sustain the needed capital assets to sup- evaluation team? the "best value" decision?
port the organization's strategic goals.
How to focus the discussion for How to know if the project's cost is
Key issues include:
efficiency in the evaluation process, justified by its benefits?
How to define the objectives and make while also elevating the group from the
How to best defend the decision
the tough trade-offs to determine hidden agendas and inherent biases
with senior management and with
the relative value of each capital that others are bringing to the table?
investment project to the strategic
Case study: Military Health System Capital Plan
Decision Lens worked extensively with The right resources--Achieve equilibri- The pr e-D ecision Lens proc e s s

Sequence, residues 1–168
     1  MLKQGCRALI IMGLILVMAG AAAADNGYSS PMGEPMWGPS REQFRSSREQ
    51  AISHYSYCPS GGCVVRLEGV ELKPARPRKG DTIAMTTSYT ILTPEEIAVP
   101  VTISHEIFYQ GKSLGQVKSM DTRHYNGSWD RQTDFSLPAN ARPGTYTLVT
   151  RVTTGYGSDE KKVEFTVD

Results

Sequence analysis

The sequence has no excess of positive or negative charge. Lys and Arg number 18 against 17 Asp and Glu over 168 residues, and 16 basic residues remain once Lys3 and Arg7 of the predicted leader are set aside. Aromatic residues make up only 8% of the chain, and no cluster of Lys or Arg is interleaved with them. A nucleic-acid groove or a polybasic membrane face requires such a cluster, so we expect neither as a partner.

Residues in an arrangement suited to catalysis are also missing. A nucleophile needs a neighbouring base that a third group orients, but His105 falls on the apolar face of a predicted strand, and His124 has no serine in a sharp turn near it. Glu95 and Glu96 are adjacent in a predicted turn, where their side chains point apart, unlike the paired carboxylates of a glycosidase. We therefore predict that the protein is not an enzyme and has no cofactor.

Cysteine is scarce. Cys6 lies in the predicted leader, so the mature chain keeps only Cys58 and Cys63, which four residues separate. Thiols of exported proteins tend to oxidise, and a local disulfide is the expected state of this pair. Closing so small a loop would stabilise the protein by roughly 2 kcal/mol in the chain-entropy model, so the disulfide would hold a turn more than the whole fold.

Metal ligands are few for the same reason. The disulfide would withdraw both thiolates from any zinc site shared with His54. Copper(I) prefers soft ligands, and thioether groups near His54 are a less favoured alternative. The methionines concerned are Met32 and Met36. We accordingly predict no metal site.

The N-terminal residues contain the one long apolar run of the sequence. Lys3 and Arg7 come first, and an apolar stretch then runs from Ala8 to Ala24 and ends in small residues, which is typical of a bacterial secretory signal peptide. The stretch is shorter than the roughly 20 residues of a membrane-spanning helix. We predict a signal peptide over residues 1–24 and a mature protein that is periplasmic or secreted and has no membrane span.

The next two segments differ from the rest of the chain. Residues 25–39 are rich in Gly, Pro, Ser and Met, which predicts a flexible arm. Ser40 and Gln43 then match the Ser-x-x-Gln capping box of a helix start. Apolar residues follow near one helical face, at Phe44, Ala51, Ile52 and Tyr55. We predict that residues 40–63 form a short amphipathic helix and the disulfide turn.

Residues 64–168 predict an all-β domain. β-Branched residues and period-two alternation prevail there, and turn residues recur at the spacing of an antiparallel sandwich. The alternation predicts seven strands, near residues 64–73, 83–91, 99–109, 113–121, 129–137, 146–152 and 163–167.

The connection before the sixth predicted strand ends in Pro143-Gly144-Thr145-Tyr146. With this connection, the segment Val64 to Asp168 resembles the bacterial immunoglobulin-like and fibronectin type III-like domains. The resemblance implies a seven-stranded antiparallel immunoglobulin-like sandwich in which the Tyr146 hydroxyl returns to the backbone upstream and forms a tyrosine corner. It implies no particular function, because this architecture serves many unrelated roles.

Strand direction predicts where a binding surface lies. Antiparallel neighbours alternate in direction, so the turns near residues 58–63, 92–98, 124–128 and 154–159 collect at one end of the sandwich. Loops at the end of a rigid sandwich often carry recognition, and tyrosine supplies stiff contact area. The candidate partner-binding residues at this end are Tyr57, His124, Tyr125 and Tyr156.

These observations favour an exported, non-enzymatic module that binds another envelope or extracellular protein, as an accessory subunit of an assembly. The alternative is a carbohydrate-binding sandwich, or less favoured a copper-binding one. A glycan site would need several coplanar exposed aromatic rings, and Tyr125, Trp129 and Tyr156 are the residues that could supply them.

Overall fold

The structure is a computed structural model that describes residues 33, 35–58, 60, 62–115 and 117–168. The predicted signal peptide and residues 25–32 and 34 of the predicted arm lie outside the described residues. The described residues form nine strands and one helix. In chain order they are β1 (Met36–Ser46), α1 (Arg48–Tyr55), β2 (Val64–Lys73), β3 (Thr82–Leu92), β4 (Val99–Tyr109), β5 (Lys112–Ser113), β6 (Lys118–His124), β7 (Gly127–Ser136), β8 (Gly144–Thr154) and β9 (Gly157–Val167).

the Military Health System's (MHS) um between requirements and funding Prior to the use of Decision Lens, the
TRICARE medical organization to reform to provide modern, efficient and cost- MHS focused primarily on the condition
its capital planning and capital invest- effective MHS capital assets, facilities of the asset, as measured by the FCI, to
ment process, a long-term multi-billion- and infrastructure. determine which medical facilities to
dollar resource allocation challenge. invest in.
The MHS needed a process to align the
The collective vision of the Tri-Service capital investments with its strategic For example, a hospital in Surrey,
facilities organizations, which brought objectives and to enable a framework for England, had raw sewage bubbling up
together Navy, Army and Air Force medi- the continuous improvement of the MHS in the basement. It ranked very high on
cal needs under one roof, is to ensure capital asset portfolio. It also needed to the FCI because of the poor state of the
that MHS capital assets and facilities establish a process to directly link capi- physical infrastructure and therefore